Self-made minority contractor brings jobs and hope to lower Northeast

Posted: April 14, 2014

MICHAEL A. BROWN, who pulled himself up by his bootstraps to become founder/president of Environmental Construction Services in the Far Northeast, said yesterday that he is moving his company to Oxford Circle to make it a job-providing "pillar of the community."

Brown said that in 2010 when he founded the company - which retrofits businesses to reduce their energy costs - people told him he couldn't find skilled employees in Philadelphia.

They were wrong. "In one year, I grew our company from four employees to 32 - everyone from energy auditors to union sheet metalworkers, pipe fitters and plumbers," Brown said. "I'm looking to hire another 10 to 20 people when we move to the lower Northeast. I think this is the place to do it."

That sounded good to Jared Solomon, founder of the Take Back Your Neighborhood community-improvement organization in Castor Gardens, who is running against state Rep. Mark Cohen in next month's Democratic primary for the 202nd District seat.

"Poverty is up 62 percent here since 1999," said Solomon, who got Brown interested in the lower Northeast. "Median income is down $10,000. We need jobs."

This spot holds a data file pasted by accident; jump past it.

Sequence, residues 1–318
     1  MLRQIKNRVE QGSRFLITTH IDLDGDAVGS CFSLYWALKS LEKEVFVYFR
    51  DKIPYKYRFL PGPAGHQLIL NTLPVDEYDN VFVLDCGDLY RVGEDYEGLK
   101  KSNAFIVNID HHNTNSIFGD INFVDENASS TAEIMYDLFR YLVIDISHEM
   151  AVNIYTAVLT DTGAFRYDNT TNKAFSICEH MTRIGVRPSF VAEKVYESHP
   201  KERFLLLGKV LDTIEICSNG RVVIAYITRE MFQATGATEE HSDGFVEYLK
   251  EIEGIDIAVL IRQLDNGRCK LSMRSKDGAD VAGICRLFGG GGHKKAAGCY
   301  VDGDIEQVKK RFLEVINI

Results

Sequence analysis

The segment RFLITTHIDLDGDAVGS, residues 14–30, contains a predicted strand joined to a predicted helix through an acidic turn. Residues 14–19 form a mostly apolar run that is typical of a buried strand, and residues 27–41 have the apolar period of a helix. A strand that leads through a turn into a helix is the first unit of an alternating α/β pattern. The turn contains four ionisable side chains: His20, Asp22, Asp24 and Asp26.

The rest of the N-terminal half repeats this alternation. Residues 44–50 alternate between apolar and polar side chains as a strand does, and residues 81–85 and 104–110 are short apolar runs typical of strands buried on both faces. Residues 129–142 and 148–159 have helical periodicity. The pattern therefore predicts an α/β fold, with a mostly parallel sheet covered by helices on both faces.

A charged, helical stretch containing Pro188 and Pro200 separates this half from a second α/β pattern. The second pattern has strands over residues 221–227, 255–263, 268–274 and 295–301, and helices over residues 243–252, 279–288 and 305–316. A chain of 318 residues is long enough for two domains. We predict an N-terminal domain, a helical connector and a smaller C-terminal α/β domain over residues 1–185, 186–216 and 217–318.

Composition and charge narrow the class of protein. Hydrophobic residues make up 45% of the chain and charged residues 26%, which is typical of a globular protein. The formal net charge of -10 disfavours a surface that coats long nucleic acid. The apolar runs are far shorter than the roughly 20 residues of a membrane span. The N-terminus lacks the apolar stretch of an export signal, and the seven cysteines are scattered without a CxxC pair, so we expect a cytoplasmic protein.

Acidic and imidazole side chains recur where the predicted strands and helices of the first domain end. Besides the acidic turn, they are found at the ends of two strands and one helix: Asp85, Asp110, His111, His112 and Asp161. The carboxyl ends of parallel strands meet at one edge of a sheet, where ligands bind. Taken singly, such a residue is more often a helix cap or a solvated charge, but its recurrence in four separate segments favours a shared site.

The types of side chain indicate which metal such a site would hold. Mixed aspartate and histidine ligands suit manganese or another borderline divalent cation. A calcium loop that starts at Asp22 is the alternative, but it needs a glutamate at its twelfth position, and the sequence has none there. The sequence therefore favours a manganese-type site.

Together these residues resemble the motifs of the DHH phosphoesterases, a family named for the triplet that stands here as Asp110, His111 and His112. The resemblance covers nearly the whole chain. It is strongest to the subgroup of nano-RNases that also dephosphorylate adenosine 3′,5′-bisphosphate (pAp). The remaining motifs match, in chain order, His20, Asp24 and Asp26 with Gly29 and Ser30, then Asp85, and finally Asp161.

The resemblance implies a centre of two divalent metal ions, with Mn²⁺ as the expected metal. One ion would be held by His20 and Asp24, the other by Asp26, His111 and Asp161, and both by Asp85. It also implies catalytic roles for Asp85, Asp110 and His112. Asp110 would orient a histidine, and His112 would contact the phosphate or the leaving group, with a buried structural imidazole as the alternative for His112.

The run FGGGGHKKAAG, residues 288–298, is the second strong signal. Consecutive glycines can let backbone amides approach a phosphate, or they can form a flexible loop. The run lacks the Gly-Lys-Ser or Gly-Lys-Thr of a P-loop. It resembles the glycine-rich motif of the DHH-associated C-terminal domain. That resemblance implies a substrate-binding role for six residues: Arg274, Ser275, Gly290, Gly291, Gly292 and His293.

Brown said he will create internships that train young people for good jobs, and prove to disadvantaged youths that "not all minority owners are successful because they're in the music business."

Brown said he buys the ductwork that his company installs, but in moving to the lower Northeast, he wants a bigger property where he can manufacture the ductwork, creating more jobs.

Brown recalled his own youth, venturing into "the real world" to work construction, dreaming of being an engineer, "getting beat down" by people telling him, "What are you, crazy?"

He's not crazy, he said. He's an engineer. Now, he's looking for kindred souls "who won't take 'no' for an answer" to continue the journey with him.

He's looking for diamonds in the rough. Sometimes, he said, being raised in the rough is better than being raised in comfort with every need fulfilled.

"You ever see animals in the zoo, sitting around, waiting for someone to feed them, wondering, 'Is it 3 o'clock yet?' " Brown said. "Sometimes, it's better if you had to struggle, if you have a hunger about you."

He hopes to have his new plant up and running by year's end.

"My dad was in the military, working on the flight line," Brown said. "Once a year, he threw a big barbecue. Everyone came."

He said he wants to throw that same kind of barbecue in the lower Northeast for all his employees and his neighbors in the surrounding community.

"That's what I'd love to do," Brown said. He didn't say it as if it were a pipe dream. He said it as if it's going to happen.


On Twitter: @DanGeringer

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